The first original study of acupuncture published in North America, and one of the earliest American publications on the alleviation of pain. Franklin Bache, great-grandson of Benjamin Franklin, was the first American to perform original research on acupuncture.
"As assistant physician at the state penitentiary in Philadelphia, Bache determined in 1825 to test acupuncture on the prisoners whom he was called upon to serve. With the aid of a colleague, he used the needles to treat 12 different prisoners who were suffering from highly painful afflictions: three with muscular rheumatism, four with 'chronic pains,' three with neuralgia, and two with ophthalmia. He also used acupuncture among the prisoners in relieving several lesser pains, including a headache accompanying bilious fever, the head pain of an epileptic, an elastic tumor near the elbow joint, and a dull pain caused by pulmonic inflammation.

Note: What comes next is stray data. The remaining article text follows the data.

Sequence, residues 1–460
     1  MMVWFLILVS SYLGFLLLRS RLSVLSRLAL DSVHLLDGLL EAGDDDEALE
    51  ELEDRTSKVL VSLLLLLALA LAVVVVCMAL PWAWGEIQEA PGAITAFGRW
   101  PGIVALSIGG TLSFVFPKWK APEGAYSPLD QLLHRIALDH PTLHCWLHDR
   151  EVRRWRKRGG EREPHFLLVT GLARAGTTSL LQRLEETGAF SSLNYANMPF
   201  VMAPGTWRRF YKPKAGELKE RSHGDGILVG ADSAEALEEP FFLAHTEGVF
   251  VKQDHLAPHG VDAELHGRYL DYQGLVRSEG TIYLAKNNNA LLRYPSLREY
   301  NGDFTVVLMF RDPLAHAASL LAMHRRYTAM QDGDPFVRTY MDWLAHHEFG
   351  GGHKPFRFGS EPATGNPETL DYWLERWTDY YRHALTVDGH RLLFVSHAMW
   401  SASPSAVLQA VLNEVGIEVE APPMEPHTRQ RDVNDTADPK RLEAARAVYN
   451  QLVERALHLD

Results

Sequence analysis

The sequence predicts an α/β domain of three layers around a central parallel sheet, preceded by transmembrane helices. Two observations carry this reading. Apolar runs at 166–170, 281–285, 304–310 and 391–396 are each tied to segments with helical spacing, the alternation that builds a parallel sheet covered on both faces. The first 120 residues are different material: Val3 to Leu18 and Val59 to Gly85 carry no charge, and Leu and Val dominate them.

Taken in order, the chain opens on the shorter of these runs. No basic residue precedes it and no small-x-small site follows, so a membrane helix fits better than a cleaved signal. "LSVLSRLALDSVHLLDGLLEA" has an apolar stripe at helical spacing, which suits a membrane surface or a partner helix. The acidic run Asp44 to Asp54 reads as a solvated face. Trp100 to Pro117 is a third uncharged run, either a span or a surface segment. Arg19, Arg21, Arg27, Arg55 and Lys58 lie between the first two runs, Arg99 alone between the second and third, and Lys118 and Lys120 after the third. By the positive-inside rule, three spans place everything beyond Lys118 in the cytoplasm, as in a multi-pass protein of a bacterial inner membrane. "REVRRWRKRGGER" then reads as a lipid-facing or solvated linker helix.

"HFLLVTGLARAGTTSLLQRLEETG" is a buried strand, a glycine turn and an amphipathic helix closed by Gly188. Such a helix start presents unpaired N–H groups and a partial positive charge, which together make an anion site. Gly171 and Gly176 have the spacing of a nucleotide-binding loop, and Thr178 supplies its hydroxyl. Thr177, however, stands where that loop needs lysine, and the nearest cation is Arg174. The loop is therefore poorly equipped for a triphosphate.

"Bache reported varying successes. In summarizing 17 subsequent cases, some of which were not among the prisoners, he noted that seven "were completely cured, seven considerably relieved, and in the remaining three cases, the remedy produced no effect" (Cassedy, "Early uses of acupuncture in the United States, with an addendum (1826) by Franklin Bache, M.D.," Bulletin of the New York Academy of Medicine 50  892-906).